Code Blue: Should Your Loved One Watch?

CPR

Because I have been present too many times with my patients during the unnerving drama of a hospital CPR I question how good it would be for a family member to watch.  It’s probably the most dramatically graphic and emotionally charged event I’ve witnessed as a nurse.

The all-consuming helplessness that one can feel while it’s happening is probably the main reason I’d tell families not to stick around. Especially knowing that in all likelihood the outcome will be poor.

Time stands still from the moment the first responding medical team member pushes the big red emergency button next to the dying patient and yells “Code!” Staff members are drilled on how to act when it happens and everyone has an assigned role. Within seconds the “code team” arrives and the room is filled to capacity with a frantic sea of  nurses, doctors, respiratory therapists, lab technicians, and voyeuristic students who stand against the wall straining to see what’s happening. It would look like chaos to a lay person.

I will venture to guess that family members who would opt to watch imagine that it will be just like on TV — quick and clean with a happy ending. They need to be told it’s not like their favorite TV drama. It’s a long drawn out battle: blood, cracking bones, shouting, endless alarms, lots of needles, and extreme roller-coaster-style energy — anger, joy, tears, smiles, terror, relief, frustration, exhaustion.

The team does their absolute best to have a positive outcome and this might be the sole reason for a family member to watch. They’ll see the dedication and effort that went into the attempt to save a life.

During my hospital bedside nursing career I did a stint on a surgical step-down unit and it seemed that almost every shift I worked someone’s patient “crashed” and a code was called. If it was my patient I would stay throughout the process. Even though I didn’t have a required role to play I’d often step in and do a round of chest compressions. I felt that I owed it to my patient — a show of solidarity or support at the end. From a psychological standpoint, assisting with chest compressions helped me to feel less helpless. A family member in the room wouldn’t be able to do anything but stand against the wall and watch. And they would feel extraordinarily helpless.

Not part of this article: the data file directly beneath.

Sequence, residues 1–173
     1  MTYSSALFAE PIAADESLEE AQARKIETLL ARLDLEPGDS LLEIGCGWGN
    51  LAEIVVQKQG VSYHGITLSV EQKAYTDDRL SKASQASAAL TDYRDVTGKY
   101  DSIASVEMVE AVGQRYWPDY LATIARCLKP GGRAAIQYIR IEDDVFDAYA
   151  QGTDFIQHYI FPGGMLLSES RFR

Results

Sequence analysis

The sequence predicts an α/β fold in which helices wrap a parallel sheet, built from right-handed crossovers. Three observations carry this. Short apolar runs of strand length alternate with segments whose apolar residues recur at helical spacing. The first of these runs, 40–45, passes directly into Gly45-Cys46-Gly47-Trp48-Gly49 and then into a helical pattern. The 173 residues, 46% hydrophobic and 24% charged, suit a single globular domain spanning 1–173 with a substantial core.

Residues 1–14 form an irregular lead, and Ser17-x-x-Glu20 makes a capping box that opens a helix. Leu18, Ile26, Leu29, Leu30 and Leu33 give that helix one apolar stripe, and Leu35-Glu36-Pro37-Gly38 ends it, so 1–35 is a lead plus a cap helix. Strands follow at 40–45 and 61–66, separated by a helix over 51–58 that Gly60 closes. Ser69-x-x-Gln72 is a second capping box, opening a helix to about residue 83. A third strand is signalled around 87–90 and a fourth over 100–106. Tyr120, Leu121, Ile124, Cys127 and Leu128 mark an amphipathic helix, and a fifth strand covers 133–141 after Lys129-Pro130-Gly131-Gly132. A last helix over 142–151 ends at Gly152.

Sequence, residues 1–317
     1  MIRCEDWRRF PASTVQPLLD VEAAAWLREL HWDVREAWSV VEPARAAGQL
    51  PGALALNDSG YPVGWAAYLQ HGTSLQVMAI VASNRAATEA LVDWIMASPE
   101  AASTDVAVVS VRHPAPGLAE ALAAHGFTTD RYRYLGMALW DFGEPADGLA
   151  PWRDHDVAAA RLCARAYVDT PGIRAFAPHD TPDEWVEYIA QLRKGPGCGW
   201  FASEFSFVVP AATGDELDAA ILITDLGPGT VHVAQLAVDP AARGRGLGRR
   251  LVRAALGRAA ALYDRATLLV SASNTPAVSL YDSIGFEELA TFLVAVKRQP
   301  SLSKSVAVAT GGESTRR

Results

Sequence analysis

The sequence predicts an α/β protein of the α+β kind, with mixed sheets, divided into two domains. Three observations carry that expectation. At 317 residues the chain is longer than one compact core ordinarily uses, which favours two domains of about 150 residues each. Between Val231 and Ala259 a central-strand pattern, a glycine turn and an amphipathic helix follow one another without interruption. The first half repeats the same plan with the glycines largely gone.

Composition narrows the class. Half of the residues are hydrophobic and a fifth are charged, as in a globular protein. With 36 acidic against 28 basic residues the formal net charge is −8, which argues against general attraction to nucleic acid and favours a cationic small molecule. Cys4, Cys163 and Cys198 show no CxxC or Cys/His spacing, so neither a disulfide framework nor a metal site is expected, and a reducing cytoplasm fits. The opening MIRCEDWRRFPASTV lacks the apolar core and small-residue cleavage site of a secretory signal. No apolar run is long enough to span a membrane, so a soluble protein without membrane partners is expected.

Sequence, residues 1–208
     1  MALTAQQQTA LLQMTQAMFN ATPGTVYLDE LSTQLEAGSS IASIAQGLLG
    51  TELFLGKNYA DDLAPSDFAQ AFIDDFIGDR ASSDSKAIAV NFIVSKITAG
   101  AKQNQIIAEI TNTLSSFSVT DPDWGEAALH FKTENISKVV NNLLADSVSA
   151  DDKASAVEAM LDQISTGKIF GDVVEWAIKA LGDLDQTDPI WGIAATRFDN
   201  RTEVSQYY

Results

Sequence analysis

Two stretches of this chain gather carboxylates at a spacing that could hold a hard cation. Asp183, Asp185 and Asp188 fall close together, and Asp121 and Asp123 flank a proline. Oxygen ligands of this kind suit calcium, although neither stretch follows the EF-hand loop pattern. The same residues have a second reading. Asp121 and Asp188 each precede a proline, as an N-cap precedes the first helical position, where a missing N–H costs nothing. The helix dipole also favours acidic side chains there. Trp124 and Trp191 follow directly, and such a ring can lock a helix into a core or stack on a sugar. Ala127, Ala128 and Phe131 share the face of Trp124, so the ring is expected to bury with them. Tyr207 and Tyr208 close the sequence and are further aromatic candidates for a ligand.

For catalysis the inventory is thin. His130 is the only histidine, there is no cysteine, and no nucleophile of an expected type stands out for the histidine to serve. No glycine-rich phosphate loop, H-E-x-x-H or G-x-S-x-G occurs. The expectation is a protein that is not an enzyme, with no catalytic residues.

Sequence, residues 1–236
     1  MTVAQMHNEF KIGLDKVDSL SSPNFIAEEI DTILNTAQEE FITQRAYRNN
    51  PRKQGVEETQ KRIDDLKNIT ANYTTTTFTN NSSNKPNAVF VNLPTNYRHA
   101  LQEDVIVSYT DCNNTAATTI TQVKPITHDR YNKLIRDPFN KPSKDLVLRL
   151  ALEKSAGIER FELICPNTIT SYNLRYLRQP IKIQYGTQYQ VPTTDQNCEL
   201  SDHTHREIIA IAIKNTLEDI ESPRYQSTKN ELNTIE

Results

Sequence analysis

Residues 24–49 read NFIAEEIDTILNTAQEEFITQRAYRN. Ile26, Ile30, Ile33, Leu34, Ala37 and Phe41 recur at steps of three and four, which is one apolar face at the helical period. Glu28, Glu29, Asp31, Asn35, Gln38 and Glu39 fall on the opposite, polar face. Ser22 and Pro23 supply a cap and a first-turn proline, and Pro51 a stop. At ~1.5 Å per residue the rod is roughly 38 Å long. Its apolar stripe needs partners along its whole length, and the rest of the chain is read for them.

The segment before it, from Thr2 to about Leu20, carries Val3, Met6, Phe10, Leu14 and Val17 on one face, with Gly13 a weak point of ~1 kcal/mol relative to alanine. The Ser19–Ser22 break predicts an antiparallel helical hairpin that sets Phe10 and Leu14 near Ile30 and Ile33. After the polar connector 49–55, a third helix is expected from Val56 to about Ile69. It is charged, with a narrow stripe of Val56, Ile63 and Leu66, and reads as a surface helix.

The WNYC Radiolab podcast “The Bitter End” (January 15, 2013) reveals some interesting facts about how doctors honestly feel about performing CPR when the outcome is often poor. During the podcast they discuss how many doctors, nurses, and other medical personnel do not want CPR done on themselves. As a fail-safe, many have chosen to wear medical alert tags around their necks stating “No CPR” and some have gone so far as to have it tattooed on their chests.

If one of your patient’s family members asked if you thought they should watch, how would you respond?

2 comments

  1. My best advice to a family member of a patient would be that CPR can be a scary, confusing and brutal process to those that are not trained or have never seen it and that it is more emotionally charged when it is a loved one so they should not watch. In theory that works well, in practice the family member is not going to readily leave their family member.

    One issue that I run into is that television shows a romanticized version of CPR so people take that as what it is really like. My own 80-something grandmother is a full-code and the rest of my family insists on it. She has cardiac and respiratory health complications that lands her in the hospital every few months and I have tried to explain to my family what being a full-code means, but they (and my grandmother) want everything done. My sneaking suspicion is that if they saw the reality of a Code, they would have a different opinion. I also suspect this to be true of the general public.

    For young/middle aged adults, or adolescents and children, by all means, CPR is a very smart option and it does save lives (and I do not want to discourage family members of older adults to do CPR as that is a deeply person matter), but even if the outcome is great (and plenty of times it is), the process is brutal and not something families may want to see.

    1. Thanks for your thoughtful comment and for stopping by my blog. I wish the best for your grandmother; that’s a tough spot for you to be in, certainly. All we can do is try to provide education, which it sounds like you’ve been doing. Not an easy situation.

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